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When people make paper, are some of the cells still alive, or do they all just disintegrate?
Question Date: 2000-10-17
Answer 1:

Also, for your general information on cells!

For all of the questions: students interested in "cells and how they are studied" as well as "what is a cell biologist?" can contact the American Society for Cell Biology (ASCB) for free brochures and on-line information at:


Answer 2:

I'm sure there aren't any live cells in paper.I expect paper is made with chemicals that kill the cells, and wood cells probably die as soon as they get totally dried out even. You could look up something like 'paper making' on www.google.com to find out a lot more, and you could look at paper with with a microscope or magnifying glass to look for cells. I think paper is mostly cellulose fibers. You could compare it to the very thin layers inside an onion, which does have live cells. You can put a drop of iodine on the onion cells to stain some parts of the cells to see the parts more clearly.

Answer 3:

Well this is a well thought-out question. You obviously know that paper is made from trees, so we'll start there. Trees are part of the plant kingdom. There are several common characteristics that all plants share, one is that their cells are covered in cell walls. This cell wall is in addition to the cell membrane, which is what every other cell in the world is covered in (all the cells in your body are covered in cell membranes, but not cell walls). Cell walls are different from cell membranes in many ways, but one is that they are made from cellulose, a complex molecule that plants can make. The
cellulose is a type of sugar molecule and is formed into fibers in the cell wall. It helps make the plant cells tougher.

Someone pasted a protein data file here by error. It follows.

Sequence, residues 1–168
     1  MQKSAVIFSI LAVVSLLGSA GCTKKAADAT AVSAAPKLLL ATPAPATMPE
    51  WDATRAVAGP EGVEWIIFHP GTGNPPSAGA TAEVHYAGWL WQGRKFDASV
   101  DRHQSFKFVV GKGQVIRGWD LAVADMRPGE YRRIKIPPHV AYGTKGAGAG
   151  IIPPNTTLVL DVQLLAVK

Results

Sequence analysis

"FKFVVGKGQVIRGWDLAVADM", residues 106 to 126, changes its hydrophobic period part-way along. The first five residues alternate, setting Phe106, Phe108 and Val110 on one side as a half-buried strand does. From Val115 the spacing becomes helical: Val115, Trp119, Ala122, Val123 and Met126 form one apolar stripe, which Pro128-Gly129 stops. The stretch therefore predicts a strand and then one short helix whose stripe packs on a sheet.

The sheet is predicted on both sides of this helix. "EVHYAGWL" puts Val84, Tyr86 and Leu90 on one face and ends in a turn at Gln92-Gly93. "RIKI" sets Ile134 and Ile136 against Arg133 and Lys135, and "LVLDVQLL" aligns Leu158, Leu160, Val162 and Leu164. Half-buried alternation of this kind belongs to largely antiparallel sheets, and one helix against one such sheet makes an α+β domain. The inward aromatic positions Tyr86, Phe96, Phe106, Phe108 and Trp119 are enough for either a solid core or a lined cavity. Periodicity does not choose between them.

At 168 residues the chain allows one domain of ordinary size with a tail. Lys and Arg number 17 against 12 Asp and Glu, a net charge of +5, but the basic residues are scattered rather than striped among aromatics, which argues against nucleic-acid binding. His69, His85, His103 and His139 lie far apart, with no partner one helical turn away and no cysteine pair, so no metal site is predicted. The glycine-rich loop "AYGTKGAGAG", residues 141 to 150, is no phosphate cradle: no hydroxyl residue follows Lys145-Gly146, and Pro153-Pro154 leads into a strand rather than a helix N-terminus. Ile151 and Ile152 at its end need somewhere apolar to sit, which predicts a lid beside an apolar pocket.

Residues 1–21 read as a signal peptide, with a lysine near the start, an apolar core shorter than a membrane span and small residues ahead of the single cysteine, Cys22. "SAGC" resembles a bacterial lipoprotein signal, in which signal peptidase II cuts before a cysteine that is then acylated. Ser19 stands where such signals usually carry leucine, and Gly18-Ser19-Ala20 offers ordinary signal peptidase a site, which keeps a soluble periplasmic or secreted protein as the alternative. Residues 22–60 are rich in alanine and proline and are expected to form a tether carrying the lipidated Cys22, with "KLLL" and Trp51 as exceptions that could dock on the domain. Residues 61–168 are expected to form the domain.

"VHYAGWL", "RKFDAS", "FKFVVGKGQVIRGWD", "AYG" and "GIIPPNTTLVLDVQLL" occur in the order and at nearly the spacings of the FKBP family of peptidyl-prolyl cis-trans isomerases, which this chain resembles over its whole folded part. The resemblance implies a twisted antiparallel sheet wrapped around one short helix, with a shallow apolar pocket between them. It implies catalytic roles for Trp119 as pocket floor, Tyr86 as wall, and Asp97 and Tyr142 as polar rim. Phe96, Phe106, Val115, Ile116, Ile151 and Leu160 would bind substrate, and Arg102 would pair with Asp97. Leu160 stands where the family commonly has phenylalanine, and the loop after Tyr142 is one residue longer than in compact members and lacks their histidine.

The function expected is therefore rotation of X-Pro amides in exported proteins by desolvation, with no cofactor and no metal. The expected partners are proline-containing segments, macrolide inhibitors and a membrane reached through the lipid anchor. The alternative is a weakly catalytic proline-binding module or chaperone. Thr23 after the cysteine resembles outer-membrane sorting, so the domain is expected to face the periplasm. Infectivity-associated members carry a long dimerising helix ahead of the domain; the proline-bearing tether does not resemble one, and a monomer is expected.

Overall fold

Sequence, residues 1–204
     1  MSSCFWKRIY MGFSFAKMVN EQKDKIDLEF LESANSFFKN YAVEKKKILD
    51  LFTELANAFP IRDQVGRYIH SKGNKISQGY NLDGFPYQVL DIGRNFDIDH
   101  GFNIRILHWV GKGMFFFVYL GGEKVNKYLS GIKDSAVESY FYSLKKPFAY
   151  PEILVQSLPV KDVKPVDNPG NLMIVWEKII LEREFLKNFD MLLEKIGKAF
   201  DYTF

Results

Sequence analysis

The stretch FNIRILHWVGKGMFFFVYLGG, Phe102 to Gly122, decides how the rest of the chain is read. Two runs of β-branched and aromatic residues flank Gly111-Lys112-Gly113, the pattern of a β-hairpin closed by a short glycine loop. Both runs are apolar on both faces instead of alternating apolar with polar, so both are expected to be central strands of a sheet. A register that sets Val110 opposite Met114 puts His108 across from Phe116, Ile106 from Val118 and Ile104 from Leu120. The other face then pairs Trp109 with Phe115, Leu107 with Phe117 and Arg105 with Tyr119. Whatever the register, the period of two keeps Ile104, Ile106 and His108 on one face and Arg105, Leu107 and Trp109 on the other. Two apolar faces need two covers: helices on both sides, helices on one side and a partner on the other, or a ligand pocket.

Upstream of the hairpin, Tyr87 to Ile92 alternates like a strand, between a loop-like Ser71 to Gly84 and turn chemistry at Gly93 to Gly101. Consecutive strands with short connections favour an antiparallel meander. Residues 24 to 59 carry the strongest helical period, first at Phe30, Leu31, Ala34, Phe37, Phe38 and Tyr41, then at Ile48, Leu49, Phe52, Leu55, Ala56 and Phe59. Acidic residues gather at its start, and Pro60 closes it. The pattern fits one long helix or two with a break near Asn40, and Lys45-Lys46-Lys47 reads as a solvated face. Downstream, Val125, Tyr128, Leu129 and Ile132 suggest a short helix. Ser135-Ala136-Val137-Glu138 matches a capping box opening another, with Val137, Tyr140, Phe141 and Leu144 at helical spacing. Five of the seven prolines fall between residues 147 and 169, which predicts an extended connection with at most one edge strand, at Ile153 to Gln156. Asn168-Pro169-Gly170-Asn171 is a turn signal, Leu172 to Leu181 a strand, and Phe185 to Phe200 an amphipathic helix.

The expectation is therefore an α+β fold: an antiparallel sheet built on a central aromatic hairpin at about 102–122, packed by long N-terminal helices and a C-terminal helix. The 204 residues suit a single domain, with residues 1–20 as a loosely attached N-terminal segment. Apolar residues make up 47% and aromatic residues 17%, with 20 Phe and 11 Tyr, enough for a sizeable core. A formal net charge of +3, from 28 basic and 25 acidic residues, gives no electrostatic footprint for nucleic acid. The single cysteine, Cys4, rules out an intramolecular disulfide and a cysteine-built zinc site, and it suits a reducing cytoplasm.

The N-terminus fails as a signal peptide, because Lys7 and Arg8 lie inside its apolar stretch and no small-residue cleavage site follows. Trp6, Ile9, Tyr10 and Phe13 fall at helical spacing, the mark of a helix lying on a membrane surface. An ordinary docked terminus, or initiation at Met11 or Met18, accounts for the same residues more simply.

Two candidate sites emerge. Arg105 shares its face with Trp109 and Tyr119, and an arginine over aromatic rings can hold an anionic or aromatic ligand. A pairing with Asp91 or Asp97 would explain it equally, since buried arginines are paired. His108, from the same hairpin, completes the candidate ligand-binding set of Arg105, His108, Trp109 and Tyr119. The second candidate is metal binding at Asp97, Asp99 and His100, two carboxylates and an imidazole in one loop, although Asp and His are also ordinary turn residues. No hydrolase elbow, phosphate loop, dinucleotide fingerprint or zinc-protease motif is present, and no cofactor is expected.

In the process of making paper, a portion of the tree is turned into pulp by grinding the tree up (like in a blender). Tree pulp is kind of similar to the pulp you would get in orange juice (hey, what does
that pulp come from?). After the tree is ground into pulp most of the trees cells have pretty much burst. The pulp is made of a bunch of cell material, including most importantly, the cell wall. The pulp is dried, bleached, and further processed to remove most of the cellular material other than the cellulose. In the end you have paper. So paper is mostly made of cellulose. And by the end of the whole process there wouldn't be any whole cells left, they would have been all destroyed in the process of making the paper.

Humans cannot digest cellulose because we do not contain the appropriate enzymes. Enzymes are molecules that can help us break down other molecules. If you eat paper does it taste like sugar? Why not? If paper is made from cellulose and cellulose is a type of sugar, then why doesn't it taste sweet? I'll tell you why... humans have evolved the ability to taste only some of the many forms of sugar molecules that exist in the world. We don't have the ability to detect the taste of cellulose. And, we can't digest it so it makes sense that it doesn't taste like anything to us.

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